New brain imaging evidence was advanced in a series of presentations at the recent meeting of the American College of Neuropsychopharmacology supporting the long-held belief that stressful early life experiences, such as preterm birth, poverty and lack of familial support, adversely affect brain development. Using functional brain imaging, the speakers focused on how these stressors affect the development of vulnerable brain areas that mediate emotional responses and mood.
Two studies provided evidence that early life stress associated with poverty and lack of familial support may put youth at high-risk for developing depression. The first was from Dr. Erika Forbes (U Pittsburgh), who found that poverty and mothers with depressed mood led the prefrontal cortex of boys and girls to be less responsive to rewards later in life, leading the author to conclude that lower response to reward may predict higher vulnerability to depression in children raised under socially challenging conditions. Also, less emotional support from mothers during childhood predicted adolescent girls' depression via brain response to reward. Deanna Barch (Wash U) also examined the impact of poverty and maternal support on brain function in a longitudinal study of children 2-6 years of age who were re-examined annually for 11 yr. with 3 neuroimaging episodes interspersed. Lower socioeconomic status was associated with behavioral depression and reduced volume of the cerebral cortex, hippocampus and amygdala. Conversely, positive maternal support appeared protective, and mitigated this adverse effect of poverty on brain development in preschool children.
The final two presentations investigated the impact of early brain development on subsequent emotional and behavioral functioning. Cynthia Rogers (Washington U St Louis) examined children who were born prematurely (gestational age <30 weeks). Compared to newborn babies that were born on time, infants who were born prematurely (24 to 30 weeks' gestational age) had altered development of the white matter in their brains. This white matter is composed of the fibers that connect different regions of the brain and is essential to efficient brain function. When these premature children were 2 and 5 years old, they had greater deficits in attention and social communication then full-term children which was predicted by the changes in their white matter detected as infants, suggesting that early white matter impairments in early infancy can make children who experienced preterm birth more vulnerable to social and emotional deficits.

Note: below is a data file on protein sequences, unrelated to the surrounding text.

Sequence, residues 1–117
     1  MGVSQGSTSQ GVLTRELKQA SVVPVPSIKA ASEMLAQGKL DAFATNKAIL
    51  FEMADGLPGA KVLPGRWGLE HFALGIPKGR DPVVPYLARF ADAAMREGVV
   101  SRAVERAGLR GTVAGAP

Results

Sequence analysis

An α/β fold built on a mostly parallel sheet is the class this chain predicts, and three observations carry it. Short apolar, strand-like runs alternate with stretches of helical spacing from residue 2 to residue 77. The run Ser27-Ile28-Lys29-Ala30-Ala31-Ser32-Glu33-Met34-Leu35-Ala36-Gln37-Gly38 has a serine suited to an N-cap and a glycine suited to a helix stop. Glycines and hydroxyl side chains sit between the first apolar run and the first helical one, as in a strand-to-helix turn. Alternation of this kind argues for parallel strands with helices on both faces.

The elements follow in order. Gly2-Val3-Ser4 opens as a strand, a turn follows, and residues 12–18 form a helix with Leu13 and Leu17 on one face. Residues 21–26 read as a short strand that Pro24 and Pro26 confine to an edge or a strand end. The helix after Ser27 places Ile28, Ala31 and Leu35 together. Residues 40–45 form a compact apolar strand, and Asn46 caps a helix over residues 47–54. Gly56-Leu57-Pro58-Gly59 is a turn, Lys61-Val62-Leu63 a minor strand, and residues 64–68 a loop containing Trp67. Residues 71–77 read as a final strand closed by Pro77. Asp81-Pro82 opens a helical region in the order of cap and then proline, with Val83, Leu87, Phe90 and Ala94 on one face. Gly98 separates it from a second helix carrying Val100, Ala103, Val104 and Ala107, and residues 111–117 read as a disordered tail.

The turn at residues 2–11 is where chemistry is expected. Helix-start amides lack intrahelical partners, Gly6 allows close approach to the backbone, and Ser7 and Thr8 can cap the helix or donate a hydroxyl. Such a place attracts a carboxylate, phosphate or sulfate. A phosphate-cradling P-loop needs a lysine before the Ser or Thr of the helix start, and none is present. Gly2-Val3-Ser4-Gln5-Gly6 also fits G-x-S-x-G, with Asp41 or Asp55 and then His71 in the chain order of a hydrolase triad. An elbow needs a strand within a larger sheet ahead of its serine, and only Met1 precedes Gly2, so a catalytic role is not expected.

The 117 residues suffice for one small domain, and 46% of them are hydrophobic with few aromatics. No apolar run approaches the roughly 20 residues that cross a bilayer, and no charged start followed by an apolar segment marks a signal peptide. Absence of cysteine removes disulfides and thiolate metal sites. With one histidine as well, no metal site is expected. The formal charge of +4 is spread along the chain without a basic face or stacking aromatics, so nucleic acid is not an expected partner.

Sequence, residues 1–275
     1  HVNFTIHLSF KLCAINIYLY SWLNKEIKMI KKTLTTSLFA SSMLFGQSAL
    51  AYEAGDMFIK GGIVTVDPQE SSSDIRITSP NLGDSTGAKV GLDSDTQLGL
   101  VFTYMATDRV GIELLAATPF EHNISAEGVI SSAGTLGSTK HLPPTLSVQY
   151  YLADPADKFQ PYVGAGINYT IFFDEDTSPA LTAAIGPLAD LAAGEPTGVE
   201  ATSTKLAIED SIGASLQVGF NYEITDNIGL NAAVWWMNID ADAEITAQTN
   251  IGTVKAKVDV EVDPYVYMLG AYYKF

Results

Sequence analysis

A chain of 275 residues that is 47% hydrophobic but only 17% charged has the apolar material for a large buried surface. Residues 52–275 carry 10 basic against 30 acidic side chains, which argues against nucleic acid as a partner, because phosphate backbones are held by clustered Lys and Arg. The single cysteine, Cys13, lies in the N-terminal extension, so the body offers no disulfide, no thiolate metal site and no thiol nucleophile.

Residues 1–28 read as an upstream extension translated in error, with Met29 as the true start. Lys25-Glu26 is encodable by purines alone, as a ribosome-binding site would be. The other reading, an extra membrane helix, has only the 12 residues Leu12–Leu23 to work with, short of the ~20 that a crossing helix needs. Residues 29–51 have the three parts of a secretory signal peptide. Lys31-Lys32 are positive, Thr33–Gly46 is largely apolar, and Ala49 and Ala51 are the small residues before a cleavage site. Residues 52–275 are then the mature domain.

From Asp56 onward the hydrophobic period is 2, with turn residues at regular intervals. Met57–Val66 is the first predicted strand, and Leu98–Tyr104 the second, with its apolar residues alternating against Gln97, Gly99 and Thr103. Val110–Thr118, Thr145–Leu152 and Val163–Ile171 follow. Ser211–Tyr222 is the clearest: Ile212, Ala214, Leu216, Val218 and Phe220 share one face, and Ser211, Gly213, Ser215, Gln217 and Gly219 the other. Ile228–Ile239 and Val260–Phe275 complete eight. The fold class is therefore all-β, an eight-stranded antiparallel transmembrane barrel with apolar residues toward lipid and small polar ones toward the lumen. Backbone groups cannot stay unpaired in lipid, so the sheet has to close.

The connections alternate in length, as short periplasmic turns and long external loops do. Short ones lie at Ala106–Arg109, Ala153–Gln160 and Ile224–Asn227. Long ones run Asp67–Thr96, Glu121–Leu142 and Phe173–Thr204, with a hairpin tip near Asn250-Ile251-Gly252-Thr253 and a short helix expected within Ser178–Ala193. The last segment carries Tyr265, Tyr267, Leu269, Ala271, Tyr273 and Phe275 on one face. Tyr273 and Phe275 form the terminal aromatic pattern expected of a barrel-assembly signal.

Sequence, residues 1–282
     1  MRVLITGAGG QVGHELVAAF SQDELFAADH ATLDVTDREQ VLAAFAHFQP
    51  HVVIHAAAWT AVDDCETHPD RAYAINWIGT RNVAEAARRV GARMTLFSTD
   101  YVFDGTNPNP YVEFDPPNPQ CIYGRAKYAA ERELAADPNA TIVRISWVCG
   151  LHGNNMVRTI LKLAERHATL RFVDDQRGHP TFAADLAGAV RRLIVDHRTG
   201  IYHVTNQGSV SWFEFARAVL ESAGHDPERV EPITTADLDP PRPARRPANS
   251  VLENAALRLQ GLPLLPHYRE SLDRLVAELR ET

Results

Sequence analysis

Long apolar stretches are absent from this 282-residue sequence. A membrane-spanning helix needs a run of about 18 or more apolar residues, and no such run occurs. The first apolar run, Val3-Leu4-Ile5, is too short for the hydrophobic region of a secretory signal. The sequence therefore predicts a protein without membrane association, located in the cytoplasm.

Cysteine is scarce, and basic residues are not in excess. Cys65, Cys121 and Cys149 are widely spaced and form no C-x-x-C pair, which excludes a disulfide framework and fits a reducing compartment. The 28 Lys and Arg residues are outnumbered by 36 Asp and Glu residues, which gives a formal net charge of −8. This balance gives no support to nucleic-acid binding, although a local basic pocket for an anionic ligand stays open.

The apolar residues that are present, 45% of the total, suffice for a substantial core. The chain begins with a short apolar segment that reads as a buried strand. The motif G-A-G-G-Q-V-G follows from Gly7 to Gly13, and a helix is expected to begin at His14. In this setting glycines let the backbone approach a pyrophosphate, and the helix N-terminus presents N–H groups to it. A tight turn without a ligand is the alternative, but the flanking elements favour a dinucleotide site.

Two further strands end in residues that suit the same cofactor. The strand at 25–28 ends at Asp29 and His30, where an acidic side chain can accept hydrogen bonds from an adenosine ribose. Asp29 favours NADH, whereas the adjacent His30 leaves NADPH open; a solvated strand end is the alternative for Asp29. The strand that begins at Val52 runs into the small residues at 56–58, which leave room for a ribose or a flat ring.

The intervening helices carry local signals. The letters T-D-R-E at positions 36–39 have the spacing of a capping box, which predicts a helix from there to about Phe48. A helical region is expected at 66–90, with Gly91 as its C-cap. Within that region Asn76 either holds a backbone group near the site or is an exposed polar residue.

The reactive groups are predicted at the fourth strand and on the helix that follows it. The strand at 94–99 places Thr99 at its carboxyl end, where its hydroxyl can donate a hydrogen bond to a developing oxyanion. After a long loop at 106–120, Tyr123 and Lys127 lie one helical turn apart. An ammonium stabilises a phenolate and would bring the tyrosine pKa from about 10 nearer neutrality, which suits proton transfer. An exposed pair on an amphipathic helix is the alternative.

Finally, Damien Fair (OHSU) will present the results showing prenatal conditions and patterns of brain functioning in newborns predict later development of cognitive skills and behavior problems. This, therefore provided further evidence that early life conditions, and abnormalities in early brain development, may be important predictors of later behavioral difficulties.
Together, the findings of these studies suggest that adverse early life experiences, such as poverty, preterm birth, and familial instability, adversely affect the development of critical brain areas that could increase the risk of later childhood psychopathology.
Presenters: Deanna Barch, Ph.D.
Erika Forbes, Ph.D.
Cynthia Rogers. M.D.
Damien Fair, M.Sc.,Ph.D.